NYC Landmarks Preservation Commission

Fall Newsletter 2021

Inside This Issue



Greetings from the Chair

Sarah Carroll

New on the Commission’s Calendar

LPC Proposes Two Historic Districts in Queens
Cambria Heights 227th Street HD EastSide

On August 10, the Commission calendared two historic districts in Cambria Heights, Queens: the Cambria Heights – 222nd Street Historic District and the Cambria Heights – 227th Street Historic District.

The proposed Cambria Heights – 222nd Street Historic District is a remarkably cohesive group of 46 Tudor Revival row houses incorporating elements of the “Storybook” style, and the proposed Cambria Heights – 227th Street Historic District is a remarkably cohesive group of 50 Tudor Revival row houses incorporating elements of the “Storybook” style.

Photo: Cambria Heights 227th St Historic District


LPC Designates the Lobby of 200 Madison Avenue an Interior Landmark
A view of the 200 Madison Lobby

On November 9, 2021, the Commission unanimously voted to designate the 200 Madison Avenue First Floor Lobby an interior landmark. The historic lobby of 200 Madison Avenue is among the best-preserved and least-known interiors produced by the prolific architecture firm Warren & Wetmore.

“The 200 Madison Avenue First Floor lobby is a beautiful space with a richly embellished through-block arcade that truly feels like a hidden gem,” said Landmarks Preservation Commission Chair Sarah Carroll. “With its intricately detailed vaulted ceilings, gleaming gilded reliefs, terrazzo floors, polished marble walls, and ornamental metalwork and mosaics, I am delighted that this wonderfully preserved lobby is now in the company of such interior landmarks as Steinway Hall, the Madison Belmont Building, and the New York Central Building, also designed by Warren & Wetmore. As New Yorkers return to the office, it’s an especially opportune time to recognize this special space.”

Read more about it here.

Historic District Marker Unveiled at East 25th Street Historic District

East 25th Street Historic District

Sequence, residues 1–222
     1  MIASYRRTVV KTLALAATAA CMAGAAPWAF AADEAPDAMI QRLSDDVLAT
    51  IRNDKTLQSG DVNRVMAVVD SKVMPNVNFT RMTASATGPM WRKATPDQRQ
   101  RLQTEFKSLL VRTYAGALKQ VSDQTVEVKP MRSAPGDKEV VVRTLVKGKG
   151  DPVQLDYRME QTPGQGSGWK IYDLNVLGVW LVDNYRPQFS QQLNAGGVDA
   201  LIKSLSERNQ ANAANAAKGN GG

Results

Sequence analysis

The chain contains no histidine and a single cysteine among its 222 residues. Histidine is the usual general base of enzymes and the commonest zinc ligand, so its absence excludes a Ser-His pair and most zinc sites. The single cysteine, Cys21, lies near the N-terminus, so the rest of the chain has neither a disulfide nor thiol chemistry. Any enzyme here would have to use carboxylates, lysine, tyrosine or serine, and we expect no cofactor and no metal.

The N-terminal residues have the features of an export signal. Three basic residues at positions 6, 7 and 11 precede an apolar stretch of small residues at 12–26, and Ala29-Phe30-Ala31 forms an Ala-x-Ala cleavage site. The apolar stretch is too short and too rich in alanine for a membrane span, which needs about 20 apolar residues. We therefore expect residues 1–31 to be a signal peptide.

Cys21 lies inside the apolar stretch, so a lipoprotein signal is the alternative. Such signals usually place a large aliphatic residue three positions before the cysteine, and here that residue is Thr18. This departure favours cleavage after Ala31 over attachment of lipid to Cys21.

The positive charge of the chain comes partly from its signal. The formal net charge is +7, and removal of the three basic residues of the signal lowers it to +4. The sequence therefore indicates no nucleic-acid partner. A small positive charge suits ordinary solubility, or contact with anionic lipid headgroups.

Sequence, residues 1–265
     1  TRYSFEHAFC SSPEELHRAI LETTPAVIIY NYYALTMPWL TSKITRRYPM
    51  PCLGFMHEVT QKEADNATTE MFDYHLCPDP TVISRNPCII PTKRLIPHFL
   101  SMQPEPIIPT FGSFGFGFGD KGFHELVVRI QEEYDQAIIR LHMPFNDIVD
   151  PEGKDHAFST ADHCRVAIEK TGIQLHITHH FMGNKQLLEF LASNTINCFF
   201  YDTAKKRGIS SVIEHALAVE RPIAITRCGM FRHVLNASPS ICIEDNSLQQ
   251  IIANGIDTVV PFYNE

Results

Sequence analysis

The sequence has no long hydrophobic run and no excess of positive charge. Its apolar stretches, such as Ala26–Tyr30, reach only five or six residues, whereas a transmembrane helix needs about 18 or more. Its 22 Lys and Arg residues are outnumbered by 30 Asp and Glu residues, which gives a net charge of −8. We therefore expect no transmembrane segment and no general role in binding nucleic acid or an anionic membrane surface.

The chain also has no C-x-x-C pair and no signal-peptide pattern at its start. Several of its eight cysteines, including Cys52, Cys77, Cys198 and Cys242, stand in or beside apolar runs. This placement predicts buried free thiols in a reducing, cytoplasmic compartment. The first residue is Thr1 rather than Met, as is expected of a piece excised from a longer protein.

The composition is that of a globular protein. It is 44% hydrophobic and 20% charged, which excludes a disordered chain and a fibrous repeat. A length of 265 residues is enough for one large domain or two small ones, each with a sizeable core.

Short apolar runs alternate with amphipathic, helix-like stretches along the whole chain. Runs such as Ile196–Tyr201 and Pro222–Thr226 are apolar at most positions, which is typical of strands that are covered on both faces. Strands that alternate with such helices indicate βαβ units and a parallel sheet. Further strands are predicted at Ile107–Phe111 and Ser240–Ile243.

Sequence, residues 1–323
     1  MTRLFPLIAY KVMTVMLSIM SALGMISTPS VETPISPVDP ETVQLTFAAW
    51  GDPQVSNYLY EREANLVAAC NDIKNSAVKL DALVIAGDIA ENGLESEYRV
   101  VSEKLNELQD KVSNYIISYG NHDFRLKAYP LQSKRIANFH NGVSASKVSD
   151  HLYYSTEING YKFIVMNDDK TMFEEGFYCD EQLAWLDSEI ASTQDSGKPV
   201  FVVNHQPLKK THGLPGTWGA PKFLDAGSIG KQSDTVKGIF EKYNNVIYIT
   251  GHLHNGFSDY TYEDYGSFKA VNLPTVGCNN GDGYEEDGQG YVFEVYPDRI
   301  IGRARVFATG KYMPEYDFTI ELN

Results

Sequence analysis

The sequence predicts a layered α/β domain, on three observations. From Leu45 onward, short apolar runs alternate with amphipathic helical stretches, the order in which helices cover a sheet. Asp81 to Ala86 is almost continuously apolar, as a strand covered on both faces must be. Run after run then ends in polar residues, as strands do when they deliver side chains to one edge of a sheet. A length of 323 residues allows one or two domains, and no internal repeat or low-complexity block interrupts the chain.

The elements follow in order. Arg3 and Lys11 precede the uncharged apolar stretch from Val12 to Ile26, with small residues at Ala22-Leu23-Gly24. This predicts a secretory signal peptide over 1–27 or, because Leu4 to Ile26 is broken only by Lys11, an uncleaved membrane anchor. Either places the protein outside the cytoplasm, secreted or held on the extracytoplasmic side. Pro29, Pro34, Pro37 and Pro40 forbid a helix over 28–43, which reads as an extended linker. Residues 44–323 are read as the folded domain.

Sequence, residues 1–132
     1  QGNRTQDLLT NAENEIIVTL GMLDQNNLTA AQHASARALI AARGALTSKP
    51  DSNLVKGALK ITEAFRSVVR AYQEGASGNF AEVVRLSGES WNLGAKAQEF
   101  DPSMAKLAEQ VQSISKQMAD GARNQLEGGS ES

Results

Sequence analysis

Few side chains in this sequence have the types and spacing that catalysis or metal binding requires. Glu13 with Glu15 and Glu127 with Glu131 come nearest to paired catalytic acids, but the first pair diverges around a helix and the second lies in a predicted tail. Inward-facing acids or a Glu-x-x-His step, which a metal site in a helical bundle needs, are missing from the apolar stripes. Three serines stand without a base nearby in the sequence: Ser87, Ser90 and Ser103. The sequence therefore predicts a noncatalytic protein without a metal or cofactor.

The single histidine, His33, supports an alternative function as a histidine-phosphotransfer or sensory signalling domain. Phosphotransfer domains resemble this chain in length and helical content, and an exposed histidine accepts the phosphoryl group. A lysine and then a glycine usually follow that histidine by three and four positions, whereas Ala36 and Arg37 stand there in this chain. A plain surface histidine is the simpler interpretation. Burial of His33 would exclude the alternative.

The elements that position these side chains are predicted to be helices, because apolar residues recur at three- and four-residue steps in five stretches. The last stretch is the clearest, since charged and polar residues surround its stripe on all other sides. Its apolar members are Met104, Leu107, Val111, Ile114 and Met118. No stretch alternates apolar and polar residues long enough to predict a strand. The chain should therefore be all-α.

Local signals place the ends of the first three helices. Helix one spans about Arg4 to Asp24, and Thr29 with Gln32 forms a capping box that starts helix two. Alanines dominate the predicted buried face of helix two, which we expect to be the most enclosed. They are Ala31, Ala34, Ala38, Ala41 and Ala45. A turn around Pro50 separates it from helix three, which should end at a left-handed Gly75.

On December 8, 2021, LPC Chair Sarah Carroll, New York Landmarks Preservation Foundation (NYLPF) Chair Tom Krizmanic, Council Member Farah Louis and residents of the East 25th Street in East Flatbush unveiled a historic district marker that will serve to promote and commemorate the designation of the East 25th Street Historic District in Brooklyn. The East 25th Street Historic District is the first historic district in East Flatbush and reflects the diverse history of its community.

The newly installed markers are 19-by-36-inch terra cotta-colored signs that feature a map on one side and a brief description and history of the district on the other. Their installation is part of the NYLPF’s Historic District Marker Program, which fosters public awareness and civic pride in designated historic districts in the five boroughs through signage. A total of two markers, funded by LPC, were installed on each side of the East 25th Street Historic District. Read more about it here.

LPC Launches a Story Map to Celebrate the 50th Running of the NYC Marathon

50th Running of the NYC Marathon

On November 3, 2021, LPC launched 50 for the 50th, an interactive story map in honor of the New York City Marathon's 50th running to celebrate the return of what many people call "New York's Best Day" after the COVID-19 pandemic forced the cancellation of the 2020 marathon. The story map highlights a selection of 50 landmarks and historic districts along the route in all five boroughs.

LPC's story map follows the marathon route from start to finish, identifying mile markers and the landmarks and historic districts on or near the course. From its extraordinary start on Staten Island to its dramatic finish in Central Park, the marathon winds through diverse and historic neighborhoods and past many designated landmarks. Read more about it here and check out the story map here.